We offer a robust and flexible curriculum. Students complete a set of graduate-level core courses in biochemistry that provide training in biochemical research, methods and proposal writing. They also complete elective lecture and seminar courses that are tailored to their research interests. Students typically finish all of their coursework by the end of year two. Thereafter, research is their primary focus.
(1) Chemistry and Biochemistry 269A-269B-269C-269D (Graduate-level biochemistry lecture. First quarter year one)
(2) Chemistry and Biochemistry 268 (Graduate-level biochemistry seminar. Each quarter in year one).
(3) Chemistry and Biochemistry 258 (Proposal writing course. Fall quarter year two. This class satisfies the Oral Qualifying Examination requirement)
(4) Chemistry and Biochemistry 595 (one quarter course in teaching methods)
PhD students complete a total of 16 units of additional upper-division undergraduate or graduate-level lecture courses. These include, 10 to 12 units of lecture courses, and 4 to 6 units of seminar courses. A wide-range of graduate-level courses are taught at UCLA providing broad training in the multiple areas of biochemistry and molecular biology research, as well as student training in the critical evaluation of scientific literature.
The BMSB teaching requirement is modest. To gain valuable instructional experience BMSB students teach part-time as Teaching Assistants (TAs) for three academic quarters. Our students normally teach in the winter and spring quarters of their first year. Their third teaching experience can occur anytime after the first year, and is chosen in consultation with the student's thesis advisor.
Prior to joining a research laboratory students participate in three 10-week research rotations. This enables students to obtain experience in a range of research disciplines before choosing a faculty thesis mentor. Rotations are performed in the Fall, Winter and Spring quarters of year one. Students can also choose to perform a summer rotation prior to the fall quarter of year one. This option is attractive as it enables students to get a head-start on their thesis research, as they can complete their three rotations at the end of the Winter quarter in year one. Entering students who have earned a Master's degree in Biochemistry or a related field can request to complete two (rather than three) research rotations before joining a laboratory.
Advancing to Candidacy: Written and Oral Qualifying Examinations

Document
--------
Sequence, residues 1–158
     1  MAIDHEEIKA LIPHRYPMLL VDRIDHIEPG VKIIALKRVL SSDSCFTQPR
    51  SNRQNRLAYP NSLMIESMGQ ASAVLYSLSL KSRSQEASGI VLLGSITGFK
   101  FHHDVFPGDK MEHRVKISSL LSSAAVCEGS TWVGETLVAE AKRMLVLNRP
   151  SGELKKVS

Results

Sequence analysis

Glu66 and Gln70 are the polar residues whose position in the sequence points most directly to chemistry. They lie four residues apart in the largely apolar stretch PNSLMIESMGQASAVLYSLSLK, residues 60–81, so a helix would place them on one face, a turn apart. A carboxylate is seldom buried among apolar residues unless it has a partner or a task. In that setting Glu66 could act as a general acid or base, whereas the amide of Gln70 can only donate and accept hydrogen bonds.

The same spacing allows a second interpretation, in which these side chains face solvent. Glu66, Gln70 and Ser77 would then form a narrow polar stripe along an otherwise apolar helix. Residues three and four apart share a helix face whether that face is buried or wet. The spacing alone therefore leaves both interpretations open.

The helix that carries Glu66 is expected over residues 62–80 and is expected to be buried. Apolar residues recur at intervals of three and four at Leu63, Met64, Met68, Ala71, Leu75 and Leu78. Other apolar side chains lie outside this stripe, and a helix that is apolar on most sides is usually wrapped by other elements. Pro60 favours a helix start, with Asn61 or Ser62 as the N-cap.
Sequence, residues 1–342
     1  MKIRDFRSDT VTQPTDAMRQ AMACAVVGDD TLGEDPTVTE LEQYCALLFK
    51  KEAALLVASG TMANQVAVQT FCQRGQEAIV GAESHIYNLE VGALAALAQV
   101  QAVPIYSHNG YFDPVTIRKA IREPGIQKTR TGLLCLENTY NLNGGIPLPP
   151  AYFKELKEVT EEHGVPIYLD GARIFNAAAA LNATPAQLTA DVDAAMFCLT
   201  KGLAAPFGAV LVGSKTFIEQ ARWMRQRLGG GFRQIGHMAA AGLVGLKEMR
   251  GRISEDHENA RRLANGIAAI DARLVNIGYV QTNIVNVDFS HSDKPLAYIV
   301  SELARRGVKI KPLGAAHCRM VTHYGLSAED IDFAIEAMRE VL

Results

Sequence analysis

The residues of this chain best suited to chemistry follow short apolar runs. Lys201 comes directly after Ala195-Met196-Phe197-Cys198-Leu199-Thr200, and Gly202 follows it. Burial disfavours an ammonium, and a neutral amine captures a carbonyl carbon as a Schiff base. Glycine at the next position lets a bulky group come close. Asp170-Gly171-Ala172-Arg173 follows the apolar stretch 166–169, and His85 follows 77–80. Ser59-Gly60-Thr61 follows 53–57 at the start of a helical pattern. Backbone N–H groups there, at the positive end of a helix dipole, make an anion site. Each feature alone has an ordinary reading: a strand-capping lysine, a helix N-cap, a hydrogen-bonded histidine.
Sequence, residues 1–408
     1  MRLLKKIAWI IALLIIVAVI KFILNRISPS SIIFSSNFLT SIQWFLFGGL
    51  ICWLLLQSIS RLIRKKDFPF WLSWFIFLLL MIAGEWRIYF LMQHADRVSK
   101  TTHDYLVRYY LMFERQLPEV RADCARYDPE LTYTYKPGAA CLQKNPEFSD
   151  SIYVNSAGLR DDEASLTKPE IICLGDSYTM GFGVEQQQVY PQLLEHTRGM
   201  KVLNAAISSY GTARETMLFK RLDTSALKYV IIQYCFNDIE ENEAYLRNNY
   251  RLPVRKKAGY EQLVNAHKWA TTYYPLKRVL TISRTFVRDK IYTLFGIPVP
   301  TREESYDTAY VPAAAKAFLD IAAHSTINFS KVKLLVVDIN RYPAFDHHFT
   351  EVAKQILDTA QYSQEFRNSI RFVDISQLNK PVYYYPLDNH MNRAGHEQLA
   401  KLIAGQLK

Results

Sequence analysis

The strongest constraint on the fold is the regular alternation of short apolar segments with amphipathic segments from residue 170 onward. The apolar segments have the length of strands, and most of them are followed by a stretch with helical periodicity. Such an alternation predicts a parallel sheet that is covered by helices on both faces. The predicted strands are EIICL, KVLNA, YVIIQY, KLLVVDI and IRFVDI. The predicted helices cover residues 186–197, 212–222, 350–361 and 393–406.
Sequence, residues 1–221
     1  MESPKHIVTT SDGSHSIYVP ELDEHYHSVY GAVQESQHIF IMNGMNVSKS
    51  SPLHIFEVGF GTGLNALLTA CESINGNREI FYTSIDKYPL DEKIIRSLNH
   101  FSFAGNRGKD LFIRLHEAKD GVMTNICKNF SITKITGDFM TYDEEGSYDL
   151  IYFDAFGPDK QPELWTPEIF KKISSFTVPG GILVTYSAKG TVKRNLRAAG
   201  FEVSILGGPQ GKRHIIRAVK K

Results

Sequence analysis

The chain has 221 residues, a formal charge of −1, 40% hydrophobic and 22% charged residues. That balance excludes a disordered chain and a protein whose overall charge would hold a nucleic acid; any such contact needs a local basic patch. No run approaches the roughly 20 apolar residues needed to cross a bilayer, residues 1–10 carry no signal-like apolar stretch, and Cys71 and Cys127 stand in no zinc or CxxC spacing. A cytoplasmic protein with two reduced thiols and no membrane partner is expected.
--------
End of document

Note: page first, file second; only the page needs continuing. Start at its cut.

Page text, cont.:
Students in the BMSB program successfully complete written and oral qualifying examinations prior to doctoral advancement to candidacy. The written examination requirement is coupled to the graduate student seminar (Chemistry and Biochemistry 258). Chemistry and Biochemistry 258 requires a presentation of the student's proposed dissertation research. After completing this oral presentation, the student prepares a written dissertation research proposal. The proposal includes information about the background and significance of the area of research, the specific aims to be addressed and experiments proposed. The written qualifying component of the Ph.D. program is fulfilled after the student satisfactorily completes this proposal. A written proposal that is deemed unsatisfactory may be revised once.
Students complete an Oral Qualifying Examination by the end of the Spring quarter in year two. They defend their proposed dissertation research. The proposal is presented orally to a faculty committee that questions the candidate on the proposal, general knowledge of the area, and dissertation research progress. All students are required to take the Oral Qualifying Examination by June 30 of their second year. The committee's decision to advance a student to candidacy, to allow the student to repeat all or part of the oral, or to disqualify the student, is based on the student's overall record at UCLA as reflected in coursework and examinations, and the student's research ability and productivity.
Students are advanced to candidacy upon successful completion of the core and elective courses, and after they successfully complete the written and oral qualifying examinations. For nearly all students this occurs in the Spring quarter of their second year. Students advancing to candidacy can elect to recieve a Candidate in Philosophy (C.Phil.) degree.
Doctoral Dissertation and Thesis Defense
Students write and defend a dissertation that demonstrates their ability to perform original and independent research. The student's research constitutes a distinct contribution to knowledge in the principal field of study. Students present an open seminar describing their thesis research.